If you're sick of spending your Christmases in Victorian England, A Broken Christmas Carol is for you. The delightfully demented minds at the Broken Watch Theatre Company have updated Charles Dickens's timeless tale for today's treacherously short attention spans, and if a few bulbs of inspiration remain dark, the company nonetheless capture the story's uplifting essence. Given how pallid this story's reinterpretations tend to be, this alone is reason to think that God's blessed us, every one.
More impressively, playwrights James Christy, J. Holtham, and Kendra Levin have recast Dickens's characters, scenes, and most familiar lines without sacrificing the integrity or heart of the original, even though this version isn't told in a traditionally linear fashion. The result, if sometimes as dry as a Christmas tree that hasn't been watered for a week, is smoother and more moving than you might expect from a conglomeration of Jewish holiday misery, reality television, and racial identification.
Yes, they all play a role. Levin's story, "All I Want for Christmas is Jews," follows Jewish teenagers Wanda and Iggie as they roam the streets of their town in search of the meaning of the mysterious yet widely celebrated Christmas. Holtham's "Yet to Come" centers on Shawn, a successful black man with a white girlfriend who rediscovers his roots with the help of a ghost from his past. Christy's "The Scrooge Show" has rich old villain Ebenezer Scrooge running a reality show in which four less fortunate families are guaranteed a merry Christmas, though one potential clan, the Cratchits, aren't automatically grateful for his philanthropy.
Dickens's original ideas have been so cleverly freshened that it's a shame the individual stories don't mesh together better than they do. It's as if the three plays have been run through a dramaturgical food processor but not thoroughly combined: One scene of one play gives way to a scene in another, and though there are occasional intersections (Iggie is the foul-mouthed Tiny Tim's babysitter, for example), each story generally unfolds independently of the others. This does allow for a charming final scene, in which the true spirit of Christmas is effectively revealed for everyone, but you spend most of the show waiting for payoffs that never entirely arrive.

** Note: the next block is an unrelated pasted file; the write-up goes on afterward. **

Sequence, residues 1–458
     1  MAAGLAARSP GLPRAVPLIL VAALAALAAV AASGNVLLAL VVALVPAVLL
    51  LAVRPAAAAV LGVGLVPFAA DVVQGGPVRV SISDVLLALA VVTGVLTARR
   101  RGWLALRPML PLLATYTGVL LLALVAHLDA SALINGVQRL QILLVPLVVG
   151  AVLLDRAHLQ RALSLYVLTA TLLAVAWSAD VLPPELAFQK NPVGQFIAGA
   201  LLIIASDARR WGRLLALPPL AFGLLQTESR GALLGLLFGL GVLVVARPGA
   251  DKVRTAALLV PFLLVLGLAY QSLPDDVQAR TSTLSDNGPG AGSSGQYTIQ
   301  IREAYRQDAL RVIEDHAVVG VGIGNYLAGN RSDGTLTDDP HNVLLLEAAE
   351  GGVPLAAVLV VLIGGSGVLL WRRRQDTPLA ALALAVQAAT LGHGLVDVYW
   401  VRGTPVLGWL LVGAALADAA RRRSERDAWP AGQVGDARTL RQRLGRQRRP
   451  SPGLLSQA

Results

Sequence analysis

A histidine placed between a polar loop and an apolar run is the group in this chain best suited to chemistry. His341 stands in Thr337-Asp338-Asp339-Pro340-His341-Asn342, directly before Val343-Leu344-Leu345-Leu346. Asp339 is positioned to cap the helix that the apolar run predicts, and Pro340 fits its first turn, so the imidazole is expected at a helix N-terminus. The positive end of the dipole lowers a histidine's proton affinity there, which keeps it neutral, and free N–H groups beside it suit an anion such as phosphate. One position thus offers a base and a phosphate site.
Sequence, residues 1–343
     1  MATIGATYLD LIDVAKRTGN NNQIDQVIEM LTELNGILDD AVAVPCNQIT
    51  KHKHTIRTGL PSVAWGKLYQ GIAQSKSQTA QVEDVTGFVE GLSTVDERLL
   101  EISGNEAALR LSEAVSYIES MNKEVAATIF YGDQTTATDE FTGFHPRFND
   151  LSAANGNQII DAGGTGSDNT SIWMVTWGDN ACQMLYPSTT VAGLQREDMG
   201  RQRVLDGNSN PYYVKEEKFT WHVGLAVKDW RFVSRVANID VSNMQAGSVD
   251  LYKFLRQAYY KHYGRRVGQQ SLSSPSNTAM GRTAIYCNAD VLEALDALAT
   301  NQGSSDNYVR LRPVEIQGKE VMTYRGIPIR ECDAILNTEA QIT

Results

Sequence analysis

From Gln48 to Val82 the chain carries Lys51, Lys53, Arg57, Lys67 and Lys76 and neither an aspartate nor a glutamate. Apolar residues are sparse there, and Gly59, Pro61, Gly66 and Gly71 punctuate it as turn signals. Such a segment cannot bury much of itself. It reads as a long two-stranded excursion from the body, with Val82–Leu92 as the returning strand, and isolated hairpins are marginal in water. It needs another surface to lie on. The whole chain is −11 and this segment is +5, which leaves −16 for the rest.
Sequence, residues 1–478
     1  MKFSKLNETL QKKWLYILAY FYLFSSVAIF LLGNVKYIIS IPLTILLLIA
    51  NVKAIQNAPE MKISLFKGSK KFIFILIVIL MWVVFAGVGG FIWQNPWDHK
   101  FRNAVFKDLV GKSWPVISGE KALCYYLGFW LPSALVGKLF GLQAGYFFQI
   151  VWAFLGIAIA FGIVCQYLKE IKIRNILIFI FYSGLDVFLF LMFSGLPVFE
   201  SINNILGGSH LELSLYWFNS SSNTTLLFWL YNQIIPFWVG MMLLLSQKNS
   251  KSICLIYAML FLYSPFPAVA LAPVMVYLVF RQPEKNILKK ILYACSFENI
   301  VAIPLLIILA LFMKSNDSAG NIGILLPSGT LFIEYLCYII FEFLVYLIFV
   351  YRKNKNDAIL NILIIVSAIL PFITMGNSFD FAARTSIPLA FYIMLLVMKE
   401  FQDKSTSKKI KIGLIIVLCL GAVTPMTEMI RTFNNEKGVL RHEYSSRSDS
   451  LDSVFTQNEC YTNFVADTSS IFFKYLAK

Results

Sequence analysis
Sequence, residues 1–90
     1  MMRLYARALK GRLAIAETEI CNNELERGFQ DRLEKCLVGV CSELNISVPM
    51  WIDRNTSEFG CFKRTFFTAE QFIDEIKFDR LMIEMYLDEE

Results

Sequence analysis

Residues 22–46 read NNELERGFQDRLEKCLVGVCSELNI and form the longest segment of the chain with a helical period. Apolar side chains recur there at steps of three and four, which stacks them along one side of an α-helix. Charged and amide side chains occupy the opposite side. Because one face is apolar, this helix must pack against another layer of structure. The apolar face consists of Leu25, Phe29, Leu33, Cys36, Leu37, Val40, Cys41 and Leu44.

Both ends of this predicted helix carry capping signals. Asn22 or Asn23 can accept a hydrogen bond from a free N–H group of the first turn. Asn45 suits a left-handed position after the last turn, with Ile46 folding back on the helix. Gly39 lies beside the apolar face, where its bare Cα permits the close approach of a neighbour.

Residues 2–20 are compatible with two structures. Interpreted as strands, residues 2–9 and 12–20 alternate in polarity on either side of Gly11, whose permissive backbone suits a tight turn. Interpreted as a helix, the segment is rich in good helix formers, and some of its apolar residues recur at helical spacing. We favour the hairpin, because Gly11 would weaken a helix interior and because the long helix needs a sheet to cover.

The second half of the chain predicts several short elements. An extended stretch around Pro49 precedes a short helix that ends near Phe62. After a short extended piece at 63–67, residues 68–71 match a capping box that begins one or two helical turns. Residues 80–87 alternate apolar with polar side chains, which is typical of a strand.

Much else is similarly uneven: Levin creatively and incisively explores her characters' plights and Christy's thorough routing of exploitative entertainment is very entertaining, but Holtham's characters come to vivid life only intermittently; a ghost from Shawn's past helps him realize his progress in the world, but his visitations of the past and the future don't resonate nearly as strongly as Scrooge's. As for the acting, Keith Arthur Bolden is an energetically introspective Shawn; Leo Lauer is a hoot as the bedraggled Cratchit patriarch; and Janine Barris, J. Clint Allen, and Chaz Brewer provide memorable turns as Wanda, Iggie, and Tiny Tim. The other performers, most notably Guil Fisher as the Trump-like Scrooge and a strangely Semitic store Santa, commit less completely, and do wishy-washy work when firmer choices are called for.
Still, there's a whimsical inventiveness to Joshua Alan Robinson's storybook backdrop, which recalls period ink drawings and instantly transports us to any of a dozen different locales. And director Drew DeCorleto keeps many moments within scenes sparkling, even if a warmer glow seldom suffuses the entire enterprise. That sense of warmth of connection to humanity is part of what's made A Christmas Carol a perennial favorite, and it's what separates the best versions of the story - however fractured - from the rest. This show could do with another dash or two of that feeling, but it's got enough to suggest that this show is far less broken than its title might suggest.
A Broken Christmas Carol